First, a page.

Irish labor union officials will meet executives at Royal Bank of Scotland Group Plc’s Irish unit next week amid concerns that the lender plans to close about 20 branches, or a twelfth of its network.
An Ulster Bank Ltd. executive detailed the lender’s plans to shut offices on a conference call with some staff last month, the Dublin-based Irish Bank Officials Association said in a letter to its members at the bank, obtained by Bloomberg News. Larry Broderick, the union’s general secretary, confirmed the note’s contents. RBS will provide more detail on the closures in coming weeks, the bank said in an e-mailed statement.
“I’m shocked that an announcement like this was made during a teleconference with no prior consultation with our union,” Broderick said by phone today. “In light of this, the bank has agreed to meet us next week.”
Branch closures at Ulster would mirror moves by lenders such as Allied Irish Banks Plc, the nation’s largest mortgage lender, Lloyds Banking Group Plc, which withdrew from the market in 2010, and Danske Bank A/S following the collapse of a real-estate bubble. RBS has injected at least 10.8 billion pounds ($17.6 billion) into its unprofitable Ulster Bank unit since 2008 to shore it up against real-estate losses and said last year it would eliminate 950 jobs at the operation.
Ulster Bank’s operating loss widened in the first nine months of last year to 797 million pounds from 751 million pounds for the year-earlier period, as a fall in interest income offset stabilizing loan losses. The bank controls 146 branches in the Republic of Ireland and 90 in Northern Ireland, according to its website.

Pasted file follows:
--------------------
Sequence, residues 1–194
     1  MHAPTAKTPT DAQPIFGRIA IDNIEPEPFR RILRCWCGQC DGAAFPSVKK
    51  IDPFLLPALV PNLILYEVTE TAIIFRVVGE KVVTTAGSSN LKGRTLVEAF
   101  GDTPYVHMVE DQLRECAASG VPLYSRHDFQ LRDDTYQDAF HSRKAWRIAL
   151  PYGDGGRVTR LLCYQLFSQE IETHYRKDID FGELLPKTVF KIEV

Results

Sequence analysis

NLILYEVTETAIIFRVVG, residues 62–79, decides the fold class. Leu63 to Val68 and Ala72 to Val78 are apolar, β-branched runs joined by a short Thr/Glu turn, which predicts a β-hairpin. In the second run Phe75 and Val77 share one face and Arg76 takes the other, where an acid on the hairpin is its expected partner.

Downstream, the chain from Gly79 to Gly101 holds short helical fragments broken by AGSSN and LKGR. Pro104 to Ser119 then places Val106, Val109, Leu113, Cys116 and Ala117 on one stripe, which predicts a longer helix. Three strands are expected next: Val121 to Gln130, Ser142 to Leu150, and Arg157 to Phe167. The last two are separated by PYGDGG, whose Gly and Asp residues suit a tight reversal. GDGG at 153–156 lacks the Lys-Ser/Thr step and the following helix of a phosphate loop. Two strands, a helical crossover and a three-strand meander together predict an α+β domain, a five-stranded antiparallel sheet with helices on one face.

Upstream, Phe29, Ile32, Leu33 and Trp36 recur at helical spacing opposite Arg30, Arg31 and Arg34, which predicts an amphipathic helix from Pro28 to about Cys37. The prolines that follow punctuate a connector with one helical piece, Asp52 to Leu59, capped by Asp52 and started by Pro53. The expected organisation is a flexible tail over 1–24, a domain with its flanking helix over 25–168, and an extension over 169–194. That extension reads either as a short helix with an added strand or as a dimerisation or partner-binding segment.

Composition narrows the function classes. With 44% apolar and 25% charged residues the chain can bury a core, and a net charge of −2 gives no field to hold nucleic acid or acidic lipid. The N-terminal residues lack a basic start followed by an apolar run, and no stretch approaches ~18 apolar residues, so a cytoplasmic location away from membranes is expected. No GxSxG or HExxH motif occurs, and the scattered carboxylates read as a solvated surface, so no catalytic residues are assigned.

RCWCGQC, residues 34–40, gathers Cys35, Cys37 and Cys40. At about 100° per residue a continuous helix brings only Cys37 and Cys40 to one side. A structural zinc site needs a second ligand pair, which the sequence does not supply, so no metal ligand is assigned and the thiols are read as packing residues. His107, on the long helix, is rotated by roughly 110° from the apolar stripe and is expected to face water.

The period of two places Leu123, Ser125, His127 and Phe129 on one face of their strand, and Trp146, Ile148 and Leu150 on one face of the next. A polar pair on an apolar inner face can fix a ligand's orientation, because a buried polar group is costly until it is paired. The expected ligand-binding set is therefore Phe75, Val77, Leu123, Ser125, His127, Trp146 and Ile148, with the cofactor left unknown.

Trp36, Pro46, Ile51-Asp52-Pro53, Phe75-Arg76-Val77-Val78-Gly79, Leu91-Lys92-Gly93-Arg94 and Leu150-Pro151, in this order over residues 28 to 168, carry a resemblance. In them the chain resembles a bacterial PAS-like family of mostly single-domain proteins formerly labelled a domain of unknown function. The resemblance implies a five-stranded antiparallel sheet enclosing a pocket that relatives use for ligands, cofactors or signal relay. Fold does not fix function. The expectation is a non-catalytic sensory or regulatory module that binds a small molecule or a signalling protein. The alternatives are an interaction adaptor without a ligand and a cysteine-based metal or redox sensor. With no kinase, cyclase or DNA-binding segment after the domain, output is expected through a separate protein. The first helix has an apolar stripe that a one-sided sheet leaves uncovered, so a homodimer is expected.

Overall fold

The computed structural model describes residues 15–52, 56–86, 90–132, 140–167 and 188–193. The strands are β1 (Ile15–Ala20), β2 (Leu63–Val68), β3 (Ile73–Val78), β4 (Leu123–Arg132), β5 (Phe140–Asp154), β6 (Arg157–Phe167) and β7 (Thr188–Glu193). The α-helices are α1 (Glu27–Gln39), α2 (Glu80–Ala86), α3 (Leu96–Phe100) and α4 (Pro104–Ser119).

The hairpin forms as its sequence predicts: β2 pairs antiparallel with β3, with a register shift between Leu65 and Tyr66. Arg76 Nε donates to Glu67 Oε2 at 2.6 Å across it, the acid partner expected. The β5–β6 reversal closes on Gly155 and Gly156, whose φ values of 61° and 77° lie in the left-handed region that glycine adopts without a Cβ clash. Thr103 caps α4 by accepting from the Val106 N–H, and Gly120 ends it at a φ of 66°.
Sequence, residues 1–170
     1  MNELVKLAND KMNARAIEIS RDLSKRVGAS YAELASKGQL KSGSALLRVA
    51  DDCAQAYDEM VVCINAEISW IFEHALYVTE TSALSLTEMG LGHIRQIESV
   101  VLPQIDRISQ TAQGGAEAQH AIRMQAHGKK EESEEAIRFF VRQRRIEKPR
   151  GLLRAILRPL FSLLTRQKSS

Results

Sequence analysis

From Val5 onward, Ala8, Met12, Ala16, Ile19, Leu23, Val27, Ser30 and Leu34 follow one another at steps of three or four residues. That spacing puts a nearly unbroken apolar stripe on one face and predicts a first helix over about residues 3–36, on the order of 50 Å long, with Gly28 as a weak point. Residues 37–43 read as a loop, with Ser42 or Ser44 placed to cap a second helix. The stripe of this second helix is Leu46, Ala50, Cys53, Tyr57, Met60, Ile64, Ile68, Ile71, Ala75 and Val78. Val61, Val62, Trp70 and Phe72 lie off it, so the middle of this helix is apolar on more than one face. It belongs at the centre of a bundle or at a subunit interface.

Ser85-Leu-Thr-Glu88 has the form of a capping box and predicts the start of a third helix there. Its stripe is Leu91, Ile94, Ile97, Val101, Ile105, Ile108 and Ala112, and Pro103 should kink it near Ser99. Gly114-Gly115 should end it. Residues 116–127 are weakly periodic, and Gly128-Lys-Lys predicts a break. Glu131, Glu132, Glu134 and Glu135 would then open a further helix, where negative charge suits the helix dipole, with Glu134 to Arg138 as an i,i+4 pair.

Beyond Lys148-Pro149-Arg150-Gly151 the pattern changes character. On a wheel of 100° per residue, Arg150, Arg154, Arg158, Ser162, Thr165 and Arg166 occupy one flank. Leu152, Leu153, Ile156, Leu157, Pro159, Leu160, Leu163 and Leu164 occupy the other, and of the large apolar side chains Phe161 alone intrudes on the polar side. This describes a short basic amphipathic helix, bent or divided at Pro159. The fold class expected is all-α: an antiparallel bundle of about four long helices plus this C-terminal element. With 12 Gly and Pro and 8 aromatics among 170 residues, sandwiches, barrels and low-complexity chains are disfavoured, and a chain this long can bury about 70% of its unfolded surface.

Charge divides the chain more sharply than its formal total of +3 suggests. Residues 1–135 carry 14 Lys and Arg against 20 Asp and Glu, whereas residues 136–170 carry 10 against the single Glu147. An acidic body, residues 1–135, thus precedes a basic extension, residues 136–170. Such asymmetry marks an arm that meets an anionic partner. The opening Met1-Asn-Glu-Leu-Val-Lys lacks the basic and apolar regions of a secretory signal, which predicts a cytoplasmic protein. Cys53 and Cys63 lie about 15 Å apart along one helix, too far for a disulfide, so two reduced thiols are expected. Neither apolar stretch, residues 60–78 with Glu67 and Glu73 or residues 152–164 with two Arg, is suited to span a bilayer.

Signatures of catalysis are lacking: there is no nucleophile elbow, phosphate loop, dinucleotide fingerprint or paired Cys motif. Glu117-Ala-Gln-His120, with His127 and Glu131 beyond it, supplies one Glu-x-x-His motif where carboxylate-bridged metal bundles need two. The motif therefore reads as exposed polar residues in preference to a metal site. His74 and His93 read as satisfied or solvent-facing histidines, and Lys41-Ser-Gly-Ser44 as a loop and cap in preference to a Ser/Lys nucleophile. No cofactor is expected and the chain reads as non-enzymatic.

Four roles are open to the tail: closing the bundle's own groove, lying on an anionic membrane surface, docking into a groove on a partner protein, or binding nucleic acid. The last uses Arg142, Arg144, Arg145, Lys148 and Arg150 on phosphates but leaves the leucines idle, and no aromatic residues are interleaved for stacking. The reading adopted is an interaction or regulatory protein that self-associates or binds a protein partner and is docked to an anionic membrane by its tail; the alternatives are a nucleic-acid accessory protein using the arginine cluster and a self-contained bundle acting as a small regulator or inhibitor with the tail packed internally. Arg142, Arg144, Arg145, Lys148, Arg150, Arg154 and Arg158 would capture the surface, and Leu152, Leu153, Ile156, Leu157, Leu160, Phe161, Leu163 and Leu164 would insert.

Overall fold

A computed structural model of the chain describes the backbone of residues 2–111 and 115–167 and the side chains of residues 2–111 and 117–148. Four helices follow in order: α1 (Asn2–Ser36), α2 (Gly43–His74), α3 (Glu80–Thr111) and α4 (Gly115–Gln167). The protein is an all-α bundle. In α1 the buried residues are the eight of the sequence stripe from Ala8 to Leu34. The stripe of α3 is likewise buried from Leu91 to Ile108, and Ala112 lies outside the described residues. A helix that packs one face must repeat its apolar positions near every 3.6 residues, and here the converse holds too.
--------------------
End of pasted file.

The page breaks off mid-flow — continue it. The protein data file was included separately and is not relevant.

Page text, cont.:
“We continue to keep our branch network under review to ensure that we are operating in the correct locations for our customers,” the bank said.
A separate IBOA notice to Ulster Bank members in November said that Jim Brown, the unit’s chief executive officer, told the union that Edinburgh-based RBS remains committed to its Irish unit. Brown also indicated that a branch review hadn’t been completed and that it continues to examine outsourcing possibilities, according to the note.
RBS acquired Ulster Bank in 2000 as part of its purchase of National Westminster Bank Plc and expanded three years later through the acquisition of First Active Plc, Ireland’s oldest building society.